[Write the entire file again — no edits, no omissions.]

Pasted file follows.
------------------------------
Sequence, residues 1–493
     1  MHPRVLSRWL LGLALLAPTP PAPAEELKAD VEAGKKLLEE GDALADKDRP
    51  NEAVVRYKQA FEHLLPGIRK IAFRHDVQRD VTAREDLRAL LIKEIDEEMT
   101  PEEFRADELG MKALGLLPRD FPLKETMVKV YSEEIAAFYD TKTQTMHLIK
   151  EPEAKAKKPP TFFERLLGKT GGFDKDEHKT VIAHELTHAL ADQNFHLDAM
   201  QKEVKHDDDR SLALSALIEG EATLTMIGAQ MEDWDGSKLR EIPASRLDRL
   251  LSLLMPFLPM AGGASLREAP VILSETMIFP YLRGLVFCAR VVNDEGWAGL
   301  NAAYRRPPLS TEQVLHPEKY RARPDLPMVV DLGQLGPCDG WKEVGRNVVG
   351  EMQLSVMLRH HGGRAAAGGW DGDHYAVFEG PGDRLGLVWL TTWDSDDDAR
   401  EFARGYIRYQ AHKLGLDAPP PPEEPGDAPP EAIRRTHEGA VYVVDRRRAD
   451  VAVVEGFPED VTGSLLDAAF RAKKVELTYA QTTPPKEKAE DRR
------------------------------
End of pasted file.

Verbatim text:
Sequence, residues 1–493
     1  MHPRVLSRWL LGLALLAPTP PAPAEELKAD VEAGKKLLEE GDALADKDRP
    51  NEAVVRYKQA FEHLLPGIRK IAFRHDVQRD VTAREDLRAL LIKEIDEEMT
   101  PEEFRADELG MKALGLLPRD FPLKETMVKV YSEEIAAFYD TKTQTMHLIK
   151  EPEAKAKKPP TFFERLLGKT GGFDKDEHKT VIAHELTHAL ADQNFHLDAM
   201  QKEVKHDDDR SLALSALIEG EATLTMIGAQ MEDWDGSKLR EIPASRLDRL
   251  LSLLMPFLPM AGGASLREAP VILSETMIFP YLRGLVFCAR VVNDEGWAGL
   301  NAAYRRPPLS TEQVLHPEKY RARPDLPMVV DLGQLGPCDG WKEVGRNVVG
   351  EMQLSVMLRH HGGRAAAGGW DGDHYAVFEG PGDRLGLVWL TTWDSDDDAR
   401  EFARGYIRYQ AHKLGLDAPP PPEEPGDAPP EAIRRTHEGA VYVVDRRRAD
   451  VAVVEGFPED VTGSLLDAAF RAKKVELTYA QTTPPKEKAE DRR